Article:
Bad science: Part 1

In a recent scientific publication by Galgo Medical1, Humbert et al. evaluated the cortical thickness extracted from 3D reconstructions from DXA images with the same thickness measurements from CT scans. He reported a mean absolute error of 0.31 mm. Does that sound good to you? Who knows. The truth is that this evaluation is meaningless. We do not know what accuracy is required for a diagnosis or to extract any meaningful information from a patients bone. It is also no indication that the software actually works.The best you can do is show that it is better than nothing. Nothing here means just an informed guess of the thickness. We could for instance just assume an average cortical thickness. Then the question would become: does this method measure the cortical thickness better than just assuming an average cortical thickness? Surely such complicated piece of software should do better than just presuming any particular individual has the population mean thickness distribution. Well, I’m sorry to tell you this, but no, it does not.

Ludovic Humbert previously applied the cortical thickness mapping software “Stradwin” to the reconstructions I obtained from my thesis, with the intention of publishing it at a conference. When he was informed about the importance of this evaluation he indeed was not able to show an improvement over the mean estimator. In e-mail communications he said this was an important evaluation that he should have done. He never published this work, partly because with this study he was trying to republish my experimental results without my approval.

When he started to commercialize the 3D-DXA software, he clearly was determined to sell also the cortical thickness mapping component. Knowing full well that this technology is no better than a mean estimator he left out this evaluation from the above publication. I think few would disagree with me when I say this is scientific misconduct, made all the worse because of this financial interest in this technology. I will discuss about conflict of interest in medical image analysis publications in a later blog post.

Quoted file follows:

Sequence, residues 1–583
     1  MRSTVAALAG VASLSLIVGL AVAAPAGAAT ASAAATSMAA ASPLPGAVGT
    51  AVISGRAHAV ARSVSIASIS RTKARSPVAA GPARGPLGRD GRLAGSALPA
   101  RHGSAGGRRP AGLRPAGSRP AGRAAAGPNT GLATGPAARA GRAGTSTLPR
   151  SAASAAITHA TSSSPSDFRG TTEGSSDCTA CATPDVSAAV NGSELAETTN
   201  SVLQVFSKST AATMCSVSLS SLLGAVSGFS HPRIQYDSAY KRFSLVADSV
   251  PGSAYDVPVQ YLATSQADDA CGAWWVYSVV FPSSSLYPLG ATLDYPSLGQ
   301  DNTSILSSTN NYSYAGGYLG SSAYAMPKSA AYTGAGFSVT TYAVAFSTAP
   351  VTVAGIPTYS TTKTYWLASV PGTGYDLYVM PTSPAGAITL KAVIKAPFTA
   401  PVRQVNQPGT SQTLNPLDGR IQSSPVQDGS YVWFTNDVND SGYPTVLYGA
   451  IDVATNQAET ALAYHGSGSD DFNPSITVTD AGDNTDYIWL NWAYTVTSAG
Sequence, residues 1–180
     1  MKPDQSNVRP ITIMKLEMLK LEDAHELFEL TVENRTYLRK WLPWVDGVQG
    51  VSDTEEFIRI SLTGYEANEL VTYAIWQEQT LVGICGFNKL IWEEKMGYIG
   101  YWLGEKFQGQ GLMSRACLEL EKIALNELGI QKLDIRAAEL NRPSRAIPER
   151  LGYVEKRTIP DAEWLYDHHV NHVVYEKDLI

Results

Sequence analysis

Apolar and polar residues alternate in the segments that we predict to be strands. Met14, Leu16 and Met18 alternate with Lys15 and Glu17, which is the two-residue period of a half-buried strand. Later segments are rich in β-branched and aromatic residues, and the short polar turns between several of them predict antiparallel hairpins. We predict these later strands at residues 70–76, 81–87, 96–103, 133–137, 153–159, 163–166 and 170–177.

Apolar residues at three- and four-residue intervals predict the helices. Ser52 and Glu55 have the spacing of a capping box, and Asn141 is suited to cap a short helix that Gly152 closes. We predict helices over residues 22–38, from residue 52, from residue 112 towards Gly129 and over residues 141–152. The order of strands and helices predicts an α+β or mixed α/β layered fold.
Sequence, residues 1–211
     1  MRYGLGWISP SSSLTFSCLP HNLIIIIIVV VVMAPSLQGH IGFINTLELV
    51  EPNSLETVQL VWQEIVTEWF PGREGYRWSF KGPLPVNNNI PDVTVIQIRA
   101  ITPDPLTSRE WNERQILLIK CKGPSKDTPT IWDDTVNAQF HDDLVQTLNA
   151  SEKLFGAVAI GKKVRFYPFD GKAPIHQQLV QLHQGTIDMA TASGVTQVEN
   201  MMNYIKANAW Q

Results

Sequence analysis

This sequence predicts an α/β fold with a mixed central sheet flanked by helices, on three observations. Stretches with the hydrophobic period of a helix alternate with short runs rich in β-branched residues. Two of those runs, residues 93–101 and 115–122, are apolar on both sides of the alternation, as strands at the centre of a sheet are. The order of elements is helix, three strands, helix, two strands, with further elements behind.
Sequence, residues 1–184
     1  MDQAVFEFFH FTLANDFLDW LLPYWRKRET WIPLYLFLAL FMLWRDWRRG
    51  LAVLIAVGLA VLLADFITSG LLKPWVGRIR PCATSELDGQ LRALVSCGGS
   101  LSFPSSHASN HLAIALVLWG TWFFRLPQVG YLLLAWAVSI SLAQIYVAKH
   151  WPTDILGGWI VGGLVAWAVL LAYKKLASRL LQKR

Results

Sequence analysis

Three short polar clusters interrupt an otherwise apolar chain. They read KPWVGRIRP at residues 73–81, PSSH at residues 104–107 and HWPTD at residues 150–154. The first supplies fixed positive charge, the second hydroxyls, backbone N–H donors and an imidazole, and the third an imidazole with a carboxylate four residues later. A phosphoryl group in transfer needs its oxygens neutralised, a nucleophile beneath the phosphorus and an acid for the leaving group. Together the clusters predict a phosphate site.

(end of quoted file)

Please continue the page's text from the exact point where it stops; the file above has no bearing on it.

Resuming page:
Unfortunately it does not end here. In this paper he referenced a previous publication by him2 where he evaluated the proposed technique to measure the cortical thickness. It was evaluated by comparing the measurements from clinical CT with the measurements from the same subject micro CT scans. This would be a correct way to evaluate this technique, if it did not have one very basic flaw. Let’s assume I want to make a model of the number of bicycles people have in the Netherlands. I go onto the street in Amsterdam and ask a 100 people how many bicycles they own. It turns out that in total these people own 90 bicycles. My model is now 0.9 bicycles per person. To evaluate if this model is correct I then ask these same 100 people again how many bicycles they own and compare it with the 0.9 x 100 = 90 bicycles I get from applying my model. Wow, exactly the same! My model must be perfect! Of course this is not true. I should have asked a different group of people to evaluate my model. In general, you always perform the evaluation on a different dataset as the one with which you did the training. This is one of the basic principles of good science. Something Humbert et al. failed to do in this publication. Intentional or a mistake. Both equally disturbing.

  1. L. Humbert et al. 3D-DXA: Assessing the Femoral Shape, the Trabecular Macrostructure and the Cortex in 3D from DXA images. IEEE Trans Med Imaging. 2017 Jan;36(1):27-39.
  2. L. Humbert et al. Technical Note: Cortical thickness and density estimation from clinical CT using a prior thickness-density relationship. Med Phys, 2016; 43(4):1945-1954.